Where Can I Find Cheap Textbooks?

The amount of money you dish out for college is insane. It’s so much money for a semester and it’s a continuous cycle for four years. But tuition is just the start of it. The most annoying purchase in college is books and dealing with them once the semester is over.

In high school, you were given books to use and return them at the end of the year. College is not like that anymore. You need to supply your own books and it comes at a very expensive cost.

There won’t be a time where you have the luxury of not buying books for a semester. Buying books is a routine for every semester you are in college. But there’s some ways to bring down that price of your $300 math book (yes, one book can get to be that expensive) to something a little more reasonable.

Unless previously stated, many classes won’t expect you to have all of your books gathered the first day of class. Some students get ahead and look up their syllabi and figure out what books they need for their classes.

I recommend not getting them until you attend your classes first. Professors might change their syllabus and will announce it on the first day of class. Don’t waste your money on the wrong books. It might just add up in that library.

Once you’ve received concrete information about the books that you need, get them immediately. You don’t want to wait for the last minute where they are all sold out wherever you may buy them at. Which is the biggest concern of all.

Buy Online

University bookstores would be the most convenient place to shop for your books. It’s located right on campus, in most cases, and you can get them right away. However, these stores will have the most expensive prices for books. It’s where you will find a math book for $300 or a biology book for $200.

Professors tend to be more lenient during the first week of class simply because they want to go over basics of the class and engrave the syllabus in your brain. This allows you enough to look up the books you need online.

Buying your books for class dramatically reduces the price from what it would be at a bookstore. And the process is very easy. There are many sites where you can find the book you’re looking for:

  • chegg.com
  • bookrenter.com
  • ecampus.com
  • valorebooks.com
  • campusbookrentals.com
  • amazon.com
  • eBay.com

These websites are designed for college students to easily get their textbooks for a reasonable price.

But there is also the factor of what to do with the books once you’ve finished the class. As an English major as well, I can’t even county how many literature books I’ve collected throughout the years. I have a heavy cardboard box sitting in my room at my parents house that is waiting for me decide what to do with then. I have a bookshelf filled with heavy textbooks about math and law and stuff I will never refer to again in my life.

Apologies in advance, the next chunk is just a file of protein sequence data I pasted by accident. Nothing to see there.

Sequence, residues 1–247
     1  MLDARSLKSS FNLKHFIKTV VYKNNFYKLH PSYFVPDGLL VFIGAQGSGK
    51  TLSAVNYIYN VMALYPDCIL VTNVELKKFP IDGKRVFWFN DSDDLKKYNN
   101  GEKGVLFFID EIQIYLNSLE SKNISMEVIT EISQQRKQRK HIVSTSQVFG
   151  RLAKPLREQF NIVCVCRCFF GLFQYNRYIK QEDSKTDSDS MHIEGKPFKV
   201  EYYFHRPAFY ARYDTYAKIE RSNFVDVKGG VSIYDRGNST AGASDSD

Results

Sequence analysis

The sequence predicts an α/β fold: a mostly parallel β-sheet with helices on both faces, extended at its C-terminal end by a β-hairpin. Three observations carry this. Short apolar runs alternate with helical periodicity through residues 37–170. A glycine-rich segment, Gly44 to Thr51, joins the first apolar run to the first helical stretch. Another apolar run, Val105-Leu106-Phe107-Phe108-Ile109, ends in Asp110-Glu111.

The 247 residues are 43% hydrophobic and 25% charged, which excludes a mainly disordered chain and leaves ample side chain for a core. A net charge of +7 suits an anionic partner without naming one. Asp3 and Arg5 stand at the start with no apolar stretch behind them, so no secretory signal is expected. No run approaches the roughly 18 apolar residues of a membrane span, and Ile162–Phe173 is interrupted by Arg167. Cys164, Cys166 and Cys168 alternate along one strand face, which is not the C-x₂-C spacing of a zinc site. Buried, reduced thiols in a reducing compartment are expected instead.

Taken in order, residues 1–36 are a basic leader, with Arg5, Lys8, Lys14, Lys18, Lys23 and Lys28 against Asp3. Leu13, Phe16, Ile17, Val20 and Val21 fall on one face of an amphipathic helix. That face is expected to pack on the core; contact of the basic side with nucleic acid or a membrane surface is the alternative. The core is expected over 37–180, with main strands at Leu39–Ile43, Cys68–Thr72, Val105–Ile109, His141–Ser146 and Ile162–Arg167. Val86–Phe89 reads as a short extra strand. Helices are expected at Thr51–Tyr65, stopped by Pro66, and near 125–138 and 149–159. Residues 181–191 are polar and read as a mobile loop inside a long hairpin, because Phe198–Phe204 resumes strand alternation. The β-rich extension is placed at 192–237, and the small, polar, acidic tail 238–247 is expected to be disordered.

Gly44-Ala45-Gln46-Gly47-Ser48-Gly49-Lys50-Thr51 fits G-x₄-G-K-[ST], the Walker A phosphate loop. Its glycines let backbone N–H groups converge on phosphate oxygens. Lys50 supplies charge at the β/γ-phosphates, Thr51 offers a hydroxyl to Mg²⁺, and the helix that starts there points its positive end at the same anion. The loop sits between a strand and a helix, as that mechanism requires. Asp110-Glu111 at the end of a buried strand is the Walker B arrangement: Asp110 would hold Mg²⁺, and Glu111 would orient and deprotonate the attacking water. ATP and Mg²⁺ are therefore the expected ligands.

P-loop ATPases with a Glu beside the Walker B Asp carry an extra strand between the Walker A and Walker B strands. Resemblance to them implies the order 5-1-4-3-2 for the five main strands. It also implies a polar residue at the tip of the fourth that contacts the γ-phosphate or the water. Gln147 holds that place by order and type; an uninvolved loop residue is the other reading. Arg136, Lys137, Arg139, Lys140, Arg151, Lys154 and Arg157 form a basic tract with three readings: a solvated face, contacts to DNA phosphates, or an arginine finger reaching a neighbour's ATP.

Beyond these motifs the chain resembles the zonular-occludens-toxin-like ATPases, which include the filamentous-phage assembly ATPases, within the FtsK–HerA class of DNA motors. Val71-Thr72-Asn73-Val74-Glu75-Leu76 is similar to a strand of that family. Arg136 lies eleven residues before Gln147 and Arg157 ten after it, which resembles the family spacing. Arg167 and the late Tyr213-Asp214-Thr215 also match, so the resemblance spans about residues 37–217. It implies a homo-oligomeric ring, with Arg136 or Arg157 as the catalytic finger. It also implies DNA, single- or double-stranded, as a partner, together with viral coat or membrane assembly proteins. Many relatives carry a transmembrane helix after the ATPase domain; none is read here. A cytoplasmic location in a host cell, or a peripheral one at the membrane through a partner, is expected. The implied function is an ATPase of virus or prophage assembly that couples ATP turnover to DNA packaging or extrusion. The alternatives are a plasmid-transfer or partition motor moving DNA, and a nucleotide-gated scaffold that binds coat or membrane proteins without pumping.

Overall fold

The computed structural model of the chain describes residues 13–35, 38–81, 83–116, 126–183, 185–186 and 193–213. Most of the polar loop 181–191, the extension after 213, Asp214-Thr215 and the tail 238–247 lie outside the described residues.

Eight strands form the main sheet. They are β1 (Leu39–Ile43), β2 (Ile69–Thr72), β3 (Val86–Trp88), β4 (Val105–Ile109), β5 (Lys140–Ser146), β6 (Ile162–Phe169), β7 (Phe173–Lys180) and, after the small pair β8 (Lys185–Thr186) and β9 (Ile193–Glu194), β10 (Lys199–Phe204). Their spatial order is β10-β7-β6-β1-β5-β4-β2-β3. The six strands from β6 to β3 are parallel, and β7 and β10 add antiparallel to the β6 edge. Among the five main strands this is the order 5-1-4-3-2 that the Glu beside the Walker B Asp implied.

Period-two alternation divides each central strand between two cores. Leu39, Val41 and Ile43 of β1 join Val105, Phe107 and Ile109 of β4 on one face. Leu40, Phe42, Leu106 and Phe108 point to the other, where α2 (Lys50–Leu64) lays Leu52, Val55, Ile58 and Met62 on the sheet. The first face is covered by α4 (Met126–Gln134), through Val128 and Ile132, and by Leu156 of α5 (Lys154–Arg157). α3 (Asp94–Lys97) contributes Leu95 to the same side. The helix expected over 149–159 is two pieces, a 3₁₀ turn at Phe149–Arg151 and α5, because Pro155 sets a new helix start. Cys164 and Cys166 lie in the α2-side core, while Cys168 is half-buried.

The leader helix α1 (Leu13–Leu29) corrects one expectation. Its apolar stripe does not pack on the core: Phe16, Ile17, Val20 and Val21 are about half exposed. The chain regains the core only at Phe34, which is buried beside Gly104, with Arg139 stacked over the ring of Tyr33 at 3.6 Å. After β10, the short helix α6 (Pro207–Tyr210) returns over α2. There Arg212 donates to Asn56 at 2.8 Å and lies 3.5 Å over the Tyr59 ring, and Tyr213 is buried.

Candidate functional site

The sites are also created with the options to return them at the end of the semester. Renting books is a much better option than buying the books. It’s cheaper and you wont have the burden of having them all over the place once the class is over.

If the renting sites don’t have the book you need, which can happen occasionally, and buying books is the only option, it makes getting rid of them a bit complicated. Don’t collect heavy old textbooks you will never touch again. It truly is a waste of space. List them on Amazon or eBay because another college student will be looking for that book for a cheaper price just like you did.

If you are taking classes that involve a lot of smaller books, such as literature of any English class, buying them electronically is a great way to get them cheap and off your bookshelves.

Don’t go out of your way and buy a Kindle. But, I got one this past year and I found it to be very convenient, especially for my major. I took a class where I needed to buy 15 books. I found them for free on my Kindle. These devices are only useful when you are an avid reader.

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Gina Stolzman

Gina Stolzman

Gina Stolzman is a senior at University of Iowa pursuing degrees in Journalism and English. Having a passion for food, she loves cooking and visiting restaurants. Besides cooking, you’ll find her reading, catching up on TV shows, or hanging out with friends and family. She is an enthusiastic Chicago fan. She devotes herself to “da” Bears, Blackhawks, Bulls and White Sox.